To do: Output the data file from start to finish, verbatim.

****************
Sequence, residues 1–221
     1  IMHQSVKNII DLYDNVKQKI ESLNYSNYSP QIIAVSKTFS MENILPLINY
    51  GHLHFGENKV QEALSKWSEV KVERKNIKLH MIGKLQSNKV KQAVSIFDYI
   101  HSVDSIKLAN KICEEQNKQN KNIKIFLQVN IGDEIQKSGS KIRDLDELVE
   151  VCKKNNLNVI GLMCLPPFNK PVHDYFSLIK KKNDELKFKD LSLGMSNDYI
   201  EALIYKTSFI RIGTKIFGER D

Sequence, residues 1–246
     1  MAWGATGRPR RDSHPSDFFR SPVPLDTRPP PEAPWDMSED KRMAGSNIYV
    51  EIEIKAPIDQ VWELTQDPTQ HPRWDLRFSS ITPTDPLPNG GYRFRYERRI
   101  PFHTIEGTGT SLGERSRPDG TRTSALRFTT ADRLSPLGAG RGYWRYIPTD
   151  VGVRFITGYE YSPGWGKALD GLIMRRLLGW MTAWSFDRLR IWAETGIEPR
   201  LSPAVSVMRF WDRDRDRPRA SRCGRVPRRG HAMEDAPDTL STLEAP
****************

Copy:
Sequence, residues 1–221
     1  IMHQSVKNII DLYDNVKQKI ESLNYSNYSP QIIAVSKTFS MENILPLINY
    51  GHLHFGENKV QEALSKWSEV KVERKNIKLH MIGKLQSNKV KQAVSIFDYI
   101  HSVDSIKLAN KICEEQNKQN KNIKIFLQVN IGDEIQKSGS KIRDLDELVE
   151  VCKKNNLNVI GLMCLPPFNK PVHDYFSLIK KKNDELKFKD LSLGMSNDYI
   201  EALIYKTSFI RIGTKIFGER D

Sequence, residues 1–246
     1  MAWGATGRPR RDSHPSDFFR SPVPLDTRPP PEAPWDMSED KRMAGSNIYV
    51  EIEIKAPIDQ VWELTQDPTQ HPRWDLRFSS ITPTDPLPNG GYRFRYERRI
   101  PFHTIEGTGT SLGERSRPDG TRTSALRFTT ADRLSPLGAG RGYWRYIPTD
   151  VGVRFITGYE YSPGWGKALD GLIMRRLLGW MTAWSFDRLR IWAETGIEPR
   201  LSPAVSVMRF WDRDRDRPRA SRCGRVPRRG HAMEDAPDTL STLEAP